Owners and sponsors in any context are at best the sausage makers of sports. You don’t want to see them, much less know how they got into a position to buy a team, put astonishing athletes on it and make the tasty meat you, the sports consumer, devour happily. Generally speaking: The less you have to deal with them as a fan, the better. You do not need to see shots of the Kraft family in the box at Patriots games. You do not need to hear owners’ acceptance speeches after winning, or introduce the bowl game as a sponsor, or wheel Michael Vick out in a wheelchair yourself. You don’t care as long as the team competes and the owners and sponsors do not embarrass you for your loyalty to their products.*
The oil industry provides the lifeblood of modern civilization, and bestselling books have been written about the industry and even individual companies in it, like ExxonMobil. But the modern oil industry is an amazingly shady meeting ground of fixers, gangsters, dictators, competing governments, and multinational corporations, and until now, no book has set out to tell the story of this largely hidden world.
The global fleet of some 11,000 tankers—that’s tripled during the past decade—moves approximately 2 billion metric tons of oil annually. And every stage of the route, from discovery to consumption, is tainted by corruption and violence, even if little of that is visible to the public.
Based on trips to New York, Washington, Houston, London, Paris, Geneva, Phnom Penh, Dakar, Lagos, Baku, and Moscow, among other far-flung locals, The Secret World of Oil includes up-close portraits of a shadowy Baku-based trader; a high-flying London fixer; and an oil dictator’s playboy son who has to choose one of his eleven luxury vehicles when he heads out to party in Los Angeles. Supported by funding from the prestigious Open Society, this is both an entertaining global travelogue and a major work of investigative reporting.
“Sea level rise is our reality in Miami Beach,” said the city’s mayor, Philip Levine. “We are past the point of debating the existence of climate change and are now focusing on adapting to current and future threats.”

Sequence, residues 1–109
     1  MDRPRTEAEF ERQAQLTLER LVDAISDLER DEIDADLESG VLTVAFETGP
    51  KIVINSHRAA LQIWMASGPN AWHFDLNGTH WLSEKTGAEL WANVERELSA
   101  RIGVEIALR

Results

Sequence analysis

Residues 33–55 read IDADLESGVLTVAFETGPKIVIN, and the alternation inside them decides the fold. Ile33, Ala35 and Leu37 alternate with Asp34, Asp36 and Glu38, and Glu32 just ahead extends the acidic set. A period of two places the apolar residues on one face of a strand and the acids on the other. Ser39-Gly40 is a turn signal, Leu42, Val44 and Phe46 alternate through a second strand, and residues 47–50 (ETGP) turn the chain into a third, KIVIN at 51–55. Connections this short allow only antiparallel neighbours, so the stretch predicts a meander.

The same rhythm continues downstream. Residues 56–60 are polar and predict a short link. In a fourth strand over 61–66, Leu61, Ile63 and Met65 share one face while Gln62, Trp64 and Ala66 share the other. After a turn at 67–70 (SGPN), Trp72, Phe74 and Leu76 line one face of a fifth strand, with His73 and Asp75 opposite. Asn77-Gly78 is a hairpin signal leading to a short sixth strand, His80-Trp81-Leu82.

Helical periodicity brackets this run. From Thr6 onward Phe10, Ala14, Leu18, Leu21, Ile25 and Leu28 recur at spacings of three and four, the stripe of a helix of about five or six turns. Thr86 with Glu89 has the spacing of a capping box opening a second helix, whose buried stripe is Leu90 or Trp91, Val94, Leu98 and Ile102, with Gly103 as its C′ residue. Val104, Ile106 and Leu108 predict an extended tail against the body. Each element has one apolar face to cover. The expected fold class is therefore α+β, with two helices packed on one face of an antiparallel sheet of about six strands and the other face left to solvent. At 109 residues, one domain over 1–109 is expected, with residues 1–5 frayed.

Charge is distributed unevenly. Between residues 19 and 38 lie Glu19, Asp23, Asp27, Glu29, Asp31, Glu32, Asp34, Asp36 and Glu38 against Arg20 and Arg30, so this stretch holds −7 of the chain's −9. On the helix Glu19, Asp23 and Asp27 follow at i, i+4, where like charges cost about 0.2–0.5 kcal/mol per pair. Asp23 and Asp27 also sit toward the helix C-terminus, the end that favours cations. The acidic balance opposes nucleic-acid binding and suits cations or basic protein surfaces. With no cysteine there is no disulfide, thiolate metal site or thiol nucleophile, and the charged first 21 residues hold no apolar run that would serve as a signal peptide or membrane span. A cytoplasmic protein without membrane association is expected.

In acknowledging the problem, politicians must endorse a solution, but the only major policy solutions to climate change — taxing or regulating the oil, gas and coal industries — are anathema to the base of the Republican Party. Thus, many Republicans, especially in Florida, appear to be dealing with the issue by keeping silent.
Ice age coming, ice age coming ‘
–Let me hear both sides, let me hear both sides, let me hear both–’ Ice age coming, ice age coming ‘
–Throw ‘em in the fire
Throw ‘em on the–’
We’re not scaremongering
This is really happening
… ‘Here I’m allowed
Everything all of the time
Here I’m allowed
Everything all of the time‘”
I’m not totally sure what this tells us (or astronomers), and I certainly am not clued enough to understand it, but damn is it still cool:
Scientists have created the first realistic model of the universe, capable of recreating 13 billion years of cosmic evolution. The simulation is called “Illustris,” and it renders the universe as a cube (350 million light-years on each side) with, its creators say, unprecedented resolution: The virtual universe uses 12 billion 3-D “pixels,” or resolution elements, to create its rendering. And that rendering includes both normal matter and dark matter.
How they use it? The Atlantic continues:
With Illustris, paper co-author Shy Genel explains it, “We can go forward and backward in time. We can pause the simulation and zoom into a single galaxy or galaxy cluster to see what’s really going on.”
Illustris has 41,000 galaxies in its simulation—a mix of spiral galaxies like our Milky Way along with elliptical galaxies. It represents five years of work on the part of the scientists from, among others, the MIT/Harvard-Smithsonian Center for Astrophysics and the Heidelberg Institute for Theoretical Studies in Germany.
And naturally, that Orb-like soundtrack is by a band from Germany, Moonboot.